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Wednesday, April 13, 2011

Growing a Xeriscape Herb Garden in a Dry Climate

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When most people think of xeriscape landscaping and gardening they think of the Southwest and specifically, they think about replacing a grass lawn with native plants and succulents.  But xeriscape gardening can also apply to tree landscaping, flower gardens, and herb and vegetable gardens. Let

Xeriscape landscaping is an increasingly popular landscaping philosophy. The principles of xeriscape landscaping are to conserve water by choosing plants that are appropriate to your climate. Appropriate to your client typically means native plants or transplanted plants that thrive in your climate and that do not require limited additional water, fertilizer, and herbicides to grow. For example, growing watercress and lettuces in the Sonoran desert is going to require extensive water needs beyond the native succulents. Similarly, palm trees and citrus in the Pacific Northwest is going to require a considerable amount of effort and resources beyond the more natural Mediterranean/sub-tropical climate for those plants. Xeriscape does not exclusively mean low-water, it just means choosing the appropriate plants for your environment and arranging them in the least resource intensive ways.

When most people think of xeriscape landscaping and gardening they think of the Southwest and specifically, they think about replacing a grass lawn with native plants and succulents.  But xeriscape gardening can also apply to tree landscaping, flower gardens, and herb and vegetable gardens. Let’s talk more specifically about xeriscape herb gardens and focus on plants appropriate for a dry climate.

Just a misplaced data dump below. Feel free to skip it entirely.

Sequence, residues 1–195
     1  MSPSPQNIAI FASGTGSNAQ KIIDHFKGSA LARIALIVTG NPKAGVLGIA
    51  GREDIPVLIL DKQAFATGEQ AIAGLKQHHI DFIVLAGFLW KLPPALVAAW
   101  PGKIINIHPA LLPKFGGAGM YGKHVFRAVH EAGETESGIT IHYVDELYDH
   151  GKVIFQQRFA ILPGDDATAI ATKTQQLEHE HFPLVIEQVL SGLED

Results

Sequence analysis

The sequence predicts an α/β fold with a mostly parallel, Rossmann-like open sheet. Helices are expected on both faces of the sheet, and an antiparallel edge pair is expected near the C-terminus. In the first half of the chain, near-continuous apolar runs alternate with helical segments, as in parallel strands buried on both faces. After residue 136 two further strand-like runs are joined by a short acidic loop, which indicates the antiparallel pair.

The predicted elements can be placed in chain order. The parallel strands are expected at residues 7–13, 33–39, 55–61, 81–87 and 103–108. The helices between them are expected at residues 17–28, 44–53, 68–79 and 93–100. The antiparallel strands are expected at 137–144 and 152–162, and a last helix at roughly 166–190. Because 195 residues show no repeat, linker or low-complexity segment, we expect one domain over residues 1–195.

The mint family of herbs offers some of the best choices for a xeriscape herb garden for a dry climate. Mint (all varieties including peppermint, Moroccan mint, pineapple mint, chocolate mint, etc.), epazote, bee balm, and angelica are all excellent choices. The plants in the mint family thrive in full sun and don’t need much water (although they are happy to take as much as they can get) and are naturally resistant to most garden pests, including aphids. One of the main concerns with mint, however, is that it has a tendency to take over the garden area where it is planted. While this aggressive growth can be seen as too much of a good thing, it can be easily controlled by containing mint to a potted plant or placing in a pot and then burying the pot in the garden soil to contain the plant and its spreading roots.

Aromatic floral herbs like lavender make an excellent perennial addition to xeriscape herb garden. Lavender can grow to over 4 feet tall, grows very well with moderate to light amounts of water, and gives off a relaxing and refreshing floral scent. Lavender can be used in small amounts in cooking, but is most commonly dried and used in soaps, baths, and potpourris.

Thyme plants run the gamut of size and hardiness but are almost always good choices for a xeriscape landscape in a dry climate. Some thyme varieties spread along the ground as small twigs of groundcover, while others grow more fully as bushes. Similarly, thyme ranges in variety from highly prized culinary herb to medicinal and ornamental. The most common varieties of culinary thyme are: silver thyme, English thyme (my favorite), orange balsam thyme, hi-ho silver thyme, caraway thyme, or lemon thyme.

Posted by casey on 04/13 at 10:38 PM
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